“What is segregation (or separation) of duties, and how does it fit into identity security?”
A while back, one of our readers asked what segregation (or separation) of duties was and it fits into identity security. When responding to this question, we thought other readers may also be interested.
Segregation of duties (SoD) – sometimes called separation of duties – is a military principle that made its way into the corporate world long ago. The defining principle of SoD is simple: “No one person should have the ability to authorize an order and execute an order without another person involved.” In terms of corporate responsibility, that means that the person who creates an accounts payable entry to be paid out must not be the same person who actually pays the vendor. Doing so would leave too much of a possibility for abuse and fraud, as false accounts payable entries could be made, then paid without any review if only one person does both.
When the term crossed over into the IT security world, SoD became a method to refer to permissions on data, files, and access to digital resources; but the overall meaning of the term has not changed very much. SoD in identity security means that no one person should have the entitlements and permissions that would allow them to perform two functions that must be performed by two individuals instead. In addition to becoming the digital version of the accounts payable example, SoD also refers to not allowing the person who pushes code to a production server being the same person who authorizes that the code can be pushed.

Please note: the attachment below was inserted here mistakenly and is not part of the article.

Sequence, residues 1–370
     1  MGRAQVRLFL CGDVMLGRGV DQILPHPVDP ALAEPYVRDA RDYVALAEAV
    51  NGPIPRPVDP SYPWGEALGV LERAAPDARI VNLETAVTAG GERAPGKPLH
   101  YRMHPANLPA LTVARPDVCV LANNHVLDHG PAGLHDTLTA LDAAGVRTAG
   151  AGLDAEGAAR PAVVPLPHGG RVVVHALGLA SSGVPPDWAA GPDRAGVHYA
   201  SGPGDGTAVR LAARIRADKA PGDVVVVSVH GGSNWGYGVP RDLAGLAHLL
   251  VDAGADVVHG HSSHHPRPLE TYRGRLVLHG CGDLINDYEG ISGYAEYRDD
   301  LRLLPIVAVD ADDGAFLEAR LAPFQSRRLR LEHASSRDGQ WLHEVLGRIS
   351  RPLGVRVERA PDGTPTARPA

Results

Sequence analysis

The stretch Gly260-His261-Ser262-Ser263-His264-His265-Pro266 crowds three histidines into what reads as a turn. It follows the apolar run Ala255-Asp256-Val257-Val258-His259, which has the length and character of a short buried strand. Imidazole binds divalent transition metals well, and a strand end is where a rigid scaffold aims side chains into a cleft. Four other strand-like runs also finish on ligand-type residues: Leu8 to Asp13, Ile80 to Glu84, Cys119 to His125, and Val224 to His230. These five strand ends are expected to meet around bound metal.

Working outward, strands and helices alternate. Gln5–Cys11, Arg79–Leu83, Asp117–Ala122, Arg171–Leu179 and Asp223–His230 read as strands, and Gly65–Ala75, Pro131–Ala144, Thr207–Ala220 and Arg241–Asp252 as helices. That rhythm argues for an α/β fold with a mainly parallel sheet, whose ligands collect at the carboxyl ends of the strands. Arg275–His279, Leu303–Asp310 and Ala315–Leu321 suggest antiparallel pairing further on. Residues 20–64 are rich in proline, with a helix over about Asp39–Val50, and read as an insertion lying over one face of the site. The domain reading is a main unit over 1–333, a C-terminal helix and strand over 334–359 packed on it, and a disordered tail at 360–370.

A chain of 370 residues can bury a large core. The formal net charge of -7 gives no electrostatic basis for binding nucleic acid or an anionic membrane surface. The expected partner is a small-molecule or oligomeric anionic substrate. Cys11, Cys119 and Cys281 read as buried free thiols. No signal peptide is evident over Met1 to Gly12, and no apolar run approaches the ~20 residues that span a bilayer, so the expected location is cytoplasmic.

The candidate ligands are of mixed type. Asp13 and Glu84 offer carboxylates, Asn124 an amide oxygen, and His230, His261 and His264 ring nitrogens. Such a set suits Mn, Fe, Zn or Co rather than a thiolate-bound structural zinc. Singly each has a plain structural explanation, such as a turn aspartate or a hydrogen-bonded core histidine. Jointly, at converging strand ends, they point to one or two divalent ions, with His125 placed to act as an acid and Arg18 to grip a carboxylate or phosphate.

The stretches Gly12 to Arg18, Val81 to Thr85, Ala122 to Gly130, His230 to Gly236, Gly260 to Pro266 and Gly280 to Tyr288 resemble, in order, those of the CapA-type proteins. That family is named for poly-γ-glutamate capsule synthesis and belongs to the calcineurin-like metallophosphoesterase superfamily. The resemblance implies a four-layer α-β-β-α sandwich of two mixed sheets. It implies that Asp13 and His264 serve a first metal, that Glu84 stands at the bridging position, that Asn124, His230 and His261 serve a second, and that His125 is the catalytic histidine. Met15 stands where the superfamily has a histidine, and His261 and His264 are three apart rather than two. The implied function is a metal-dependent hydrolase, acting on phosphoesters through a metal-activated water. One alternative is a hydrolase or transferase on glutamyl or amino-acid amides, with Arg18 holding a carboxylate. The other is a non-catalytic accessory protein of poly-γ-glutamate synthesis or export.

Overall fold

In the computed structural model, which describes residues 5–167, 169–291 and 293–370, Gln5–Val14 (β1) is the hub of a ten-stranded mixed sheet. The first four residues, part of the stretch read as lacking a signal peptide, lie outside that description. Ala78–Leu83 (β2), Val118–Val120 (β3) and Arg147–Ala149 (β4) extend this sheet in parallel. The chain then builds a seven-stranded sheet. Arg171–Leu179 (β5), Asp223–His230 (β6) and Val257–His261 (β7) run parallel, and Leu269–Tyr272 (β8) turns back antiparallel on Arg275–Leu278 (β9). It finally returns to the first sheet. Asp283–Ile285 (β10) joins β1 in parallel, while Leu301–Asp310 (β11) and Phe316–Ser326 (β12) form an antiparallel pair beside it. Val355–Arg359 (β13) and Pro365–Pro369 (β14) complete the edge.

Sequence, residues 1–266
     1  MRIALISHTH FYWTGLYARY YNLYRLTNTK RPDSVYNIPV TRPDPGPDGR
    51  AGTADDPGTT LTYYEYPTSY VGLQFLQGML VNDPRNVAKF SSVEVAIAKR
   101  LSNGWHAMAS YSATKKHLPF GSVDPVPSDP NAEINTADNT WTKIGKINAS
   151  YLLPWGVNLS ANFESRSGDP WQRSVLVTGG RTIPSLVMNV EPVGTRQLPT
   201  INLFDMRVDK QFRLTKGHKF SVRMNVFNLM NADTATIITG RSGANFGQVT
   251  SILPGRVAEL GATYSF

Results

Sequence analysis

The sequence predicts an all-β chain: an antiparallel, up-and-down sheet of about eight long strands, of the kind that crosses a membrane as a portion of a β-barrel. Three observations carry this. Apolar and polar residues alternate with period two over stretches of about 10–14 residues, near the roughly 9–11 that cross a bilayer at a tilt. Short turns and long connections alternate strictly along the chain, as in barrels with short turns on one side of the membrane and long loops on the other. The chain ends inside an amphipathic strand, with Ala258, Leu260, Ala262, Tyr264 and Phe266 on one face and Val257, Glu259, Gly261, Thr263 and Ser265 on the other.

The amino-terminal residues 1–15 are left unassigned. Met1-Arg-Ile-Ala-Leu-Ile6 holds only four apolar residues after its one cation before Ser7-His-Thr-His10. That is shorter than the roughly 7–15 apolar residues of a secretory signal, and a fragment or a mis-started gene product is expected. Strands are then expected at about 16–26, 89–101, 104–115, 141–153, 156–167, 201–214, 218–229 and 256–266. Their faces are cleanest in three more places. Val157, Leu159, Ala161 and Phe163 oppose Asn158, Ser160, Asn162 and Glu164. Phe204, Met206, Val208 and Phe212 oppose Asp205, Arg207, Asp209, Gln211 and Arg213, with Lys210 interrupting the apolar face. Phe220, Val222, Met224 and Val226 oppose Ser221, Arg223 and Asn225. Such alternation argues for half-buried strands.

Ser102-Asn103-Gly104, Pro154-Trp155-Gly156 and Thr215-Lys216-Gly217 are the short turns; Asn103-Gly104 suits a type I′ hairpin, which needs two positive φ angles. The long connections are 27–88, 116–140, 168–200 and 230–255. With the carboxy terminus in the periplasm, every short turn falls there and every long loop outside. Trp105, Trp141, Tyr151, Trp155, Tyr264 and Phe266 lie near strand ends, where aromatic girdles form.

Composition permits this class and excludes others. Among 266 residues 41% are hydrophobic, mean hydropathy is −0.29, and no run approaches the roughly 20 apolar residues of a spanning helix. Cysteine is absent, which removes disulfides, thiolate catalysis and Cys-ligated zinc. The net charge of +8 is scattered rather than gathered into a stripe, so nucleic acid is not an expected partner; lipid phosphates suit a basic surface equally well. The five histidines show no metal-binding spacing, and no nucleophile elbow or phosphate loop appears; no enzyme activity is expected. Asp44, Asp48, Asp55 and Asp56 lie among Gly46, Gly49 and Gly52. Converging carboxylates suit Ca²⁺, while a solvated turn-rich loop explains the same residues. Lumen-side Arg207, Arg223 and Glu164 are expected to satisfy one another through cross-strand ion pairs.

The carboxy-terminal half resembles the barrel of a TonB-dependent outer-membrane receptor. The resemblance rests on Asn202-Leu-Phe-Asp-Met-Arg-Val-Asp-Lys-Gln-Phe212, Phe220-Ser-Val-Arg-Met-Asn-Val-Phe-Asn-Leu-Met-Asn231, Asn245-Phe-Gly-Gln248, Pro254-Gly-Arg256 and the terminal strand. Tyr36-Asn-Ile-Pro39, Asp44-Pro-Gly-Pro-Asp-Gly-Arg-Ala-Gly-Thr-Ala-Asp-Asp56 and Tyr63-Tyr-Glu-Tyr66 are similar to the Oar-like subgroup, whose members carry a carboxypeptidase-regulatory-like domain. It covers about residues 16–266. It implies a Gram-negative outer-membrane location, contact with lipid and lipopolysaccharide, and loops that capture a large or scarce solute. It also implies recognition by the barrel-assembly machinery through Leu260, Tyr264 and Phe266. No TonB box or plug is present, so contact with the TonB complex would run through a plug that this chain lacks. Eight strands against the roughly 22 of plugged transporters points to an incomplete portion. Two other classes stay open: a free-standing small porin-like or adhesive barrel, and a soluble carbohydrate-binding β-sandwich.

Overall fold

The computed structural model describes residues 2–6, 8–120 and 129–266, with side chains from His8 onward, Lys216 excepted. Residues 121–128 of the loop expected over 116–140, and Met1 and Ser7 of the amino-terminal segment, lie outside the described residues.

Think of it this way; if a person both controls the movement and publishing of software, and also controls the approval to push that software live, then it is far too easy for a bad actor to get malicious code put into production. These SoD violations also create targets for social engineering or blackmail, since a bad actor need only co-opt that one person to do major damage.
The same theory also prevents other security issues in an organization. The person who requests that a user be given access to something must not also be the person who grants that access. If that were to happen, then a bad actor could create a request to make themselves an administrator and also grant themselves those permissions with no review.
SoD becomes more difficult the more complex the company data systems become. As more and more user groupings are created in platforms like Active Directory; the chances that a user could be put into too many groups and end up violating SoD becomes more likely. In many cases, SoD violations occur not because anyone is trying to damage the company; but rather because – over time – users accidentally gain conflicting permissions that over-elevate their privileges.
Tools – like the SecureAuth Access Assurance Suite – help your company ensure that everyone stays within their “swim lanes” and doesn’t have the ability to violate SoD by gaining too many privileges on your data systems. They do this by reviewing permissions within the organization to look for instances where individuals have accidentally gained permissions that let them control both “sides” of any operations – bookkeeping, facility access, or data management alike. This also brings to light any instances of someone purposely violating SoD, so both accidental and deliberate violations can be addressed quickly and efficiently – and most importantly without doing anything that could stop a legitimate user from doing their job.
Segregation of duties can help keep your organization safe by making sure that any process that could cause harm has one user doing actions and someone else doing a review of those actions. If you should notice that is not the case – even for your own access privileges – you should alert your IT administration immediately so they can correct the problem. First, this helps your company stay safe, and second, it means you won’t become a target for bad actors trying to attack your company.